Mr Slye said the test had been triggered because National Grid wanted to “test how consumers would respond when the weather was really cold”. It is understood a decision was made by National Grid at 14:30 GMT on Sunday.

According to National Grid ESO's website, British Gas, EDF, Eon and Octopus are signed up to the scheme but Scottish Power appears not to be.



Octopus told the BBC that almost 250,000 of its customers had signed up to Monday's two-hour test so far, adding that its customers across the country had been paid £1m so far from taking part in previous “saving sessions”.

British Gas also confirmed it would be contacting customers to take part in Monday's scheme, but EDF said it would not be participating as it was finalising its plans.

By Michael Race & Dearbail Jordan


UK agree to double US gas imports under new deal

( via – – Wed, 7th Dec 2022) London, Uk – –

The UK has agreed to double imports of US gas over the next year as it tries to stabilise soaring energy prices.

Prime Minister Rishi Sunak said the plan would “bring down prices for British consumers and help end Europe's dependence on Russian energy”.

Russia has cut off the majority of its gas supplies to Europe over the past year after its invasion of Ukraine.


The UK does not import gas from Russia directly, but has been hit by rising wholesale prices on the Continent.

Under the agreement, the UK aims to double imports of liquefied natural gas (LNG) from the US to 9-10 billion cubic metres over the next year.

That is equivalent to about an eighth of the gas the UK uses every year.

The two countries will also boost collaboration over the development of new nuclear and green energy technologies.

The partnership will be steered by a new UK-US joint action group, led by senior officials from the British government and the White House, with the first meeting held virtually on Thursday.

Citing the war in Ukraine, Mr Sunak and Mr Biden said in a joint statement that it is “more important than ever” for allies to work together to build “resilient international systems”.

“Our immediate shared goal to stabilise energy markets, reduce demand, and ensure short-term security of supply is underpinned by the longer-term objective of supporting a stable energy transition to achieving net zero emissions by 2050, which in itself will strengthen our energy security,” they said.

Nathan Piper, an oil and gas analyst at Investec, said the deal would help to secure gas supplies across Europe, where Russian gas imports are down by more than 80% compared to last year.

The UK has limited gas storage capacity, so any excess gas is likely to be exported through interconnecting pipes to Holland and Belgium, he said.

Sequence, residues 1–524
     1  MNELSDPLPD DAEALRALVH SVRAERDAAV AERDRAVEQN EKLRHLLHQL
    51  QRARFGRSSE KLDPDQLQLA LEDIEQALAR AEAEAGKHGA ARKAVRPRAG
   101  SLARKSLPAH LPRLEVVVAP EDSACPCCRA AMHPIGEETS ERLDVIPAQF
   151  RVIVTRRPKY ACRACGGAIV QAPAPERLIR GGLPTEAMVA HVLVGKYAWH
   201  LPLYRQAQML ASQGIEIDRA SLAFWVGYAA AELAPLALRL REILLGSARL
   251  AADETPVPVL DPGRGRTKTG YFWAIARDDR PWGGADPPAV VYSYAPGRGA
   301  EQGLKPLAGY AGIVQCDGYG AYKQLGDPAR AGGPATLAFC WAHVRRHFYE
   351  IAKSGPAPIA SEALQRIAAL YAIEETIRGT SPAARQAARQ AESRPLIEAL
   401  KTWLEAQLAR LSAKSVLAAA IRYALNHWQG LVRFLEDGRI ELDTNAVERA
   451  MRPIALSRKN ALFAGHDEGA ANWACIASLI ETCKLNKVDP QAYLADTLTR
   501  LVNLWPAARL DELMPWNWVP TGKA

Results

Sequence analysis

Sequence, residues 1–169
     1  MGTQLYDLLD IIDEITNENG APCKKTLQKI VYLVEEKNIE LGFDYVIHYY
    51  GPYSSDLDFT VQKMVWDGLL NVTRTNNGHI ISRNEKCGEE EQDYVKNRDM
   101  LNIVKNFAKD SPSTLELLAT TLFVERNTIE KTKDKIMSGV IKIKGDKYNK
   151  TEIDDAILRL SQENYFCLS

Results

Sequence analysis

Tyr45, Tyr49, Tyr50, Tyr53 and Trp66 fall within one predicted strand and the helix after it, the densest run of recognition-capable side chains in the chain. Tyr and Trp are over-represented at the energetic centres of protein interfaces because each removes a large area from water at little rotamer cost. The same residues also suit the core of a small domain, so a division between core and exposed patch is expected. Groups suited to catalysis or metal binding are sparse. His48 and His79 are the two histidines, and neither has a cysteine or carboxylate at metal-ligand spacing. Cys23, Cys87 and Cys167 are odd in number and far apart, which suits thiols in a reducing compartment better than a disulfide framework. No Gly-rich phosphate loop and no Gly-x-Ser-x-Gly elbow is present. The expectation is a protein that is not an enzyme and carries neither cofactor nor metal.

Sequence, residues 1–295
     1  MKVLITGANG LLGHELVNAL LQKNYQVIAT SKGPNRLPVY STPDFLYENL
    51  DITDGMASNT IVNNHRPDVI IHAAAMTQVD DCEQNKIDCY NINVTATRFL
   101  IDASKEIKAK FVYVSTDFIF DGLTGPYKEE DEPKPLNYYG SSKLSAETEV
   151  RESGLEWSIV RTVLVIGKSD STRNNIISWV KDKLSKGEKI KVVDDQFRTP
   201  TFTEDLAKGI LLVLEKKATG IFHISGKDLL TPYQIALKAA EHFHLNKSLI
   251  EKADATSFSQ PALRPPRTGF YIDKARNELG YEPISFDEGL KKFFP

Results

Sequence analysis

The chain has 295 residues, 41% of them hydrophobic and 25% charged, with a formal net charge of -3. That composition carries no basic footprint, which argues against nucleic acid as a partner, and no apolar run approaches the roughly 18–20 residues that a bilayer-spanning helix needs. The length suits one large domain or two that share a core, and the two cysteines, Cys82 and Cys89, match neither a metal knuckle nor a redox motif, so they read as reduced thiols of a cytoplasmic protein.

However, he said the plan is unlikely to bring down wholesale prices significantly this winter as demand soars. He also said the deal was more or a statement of intent, adding “it's an ambition and not certain”.

Overall, US exports of LNG have been restricted since a fire damaged the country's second largest freeport in June. The Freeport LNG facility in Texas is not expected to be fully operational again until March next year.


There are concerns that Europe's increasing reliance on LNG could hamper efforts to tackle global warming.

Recent research showed that the production and transport of LNG causes up to ten times the carbon emissions compared to pipeline gas.

In addition, most of the increases in US gas production since 2005 have come from fracking, which has proven controversial in the UK.


Asda to create 10,000 jobs, with 300 new UK convenience stores

( via – – Tue, 6th Dec 2022) London, Uk – –

Supermarket hopes to grab bigger share of burgeoning sector, possibly threatening Sainsbury’s second position

Asda is planning to open 300 convenience stores and create 10,000 new jobs in the next four years as it tries to grab a bigger share of the grocery market and potentially overtake rival Sainsbury’s to become the UK’s second largest supermarket.


The retailer, which is controlled by the billionaire Issa brothers and private equity firm TDR Capital, currently has just two Asda Express stores – in Sutton Coldfield, near Birmingham, and Tottenham Hale, in north London.

It has already said it plans to have 30 by October next year and has now laid out a much bigger ambition. The 300 planned Asda Express sites will be in addition to the 132 convenience stores the group is acquiring from the Co-op.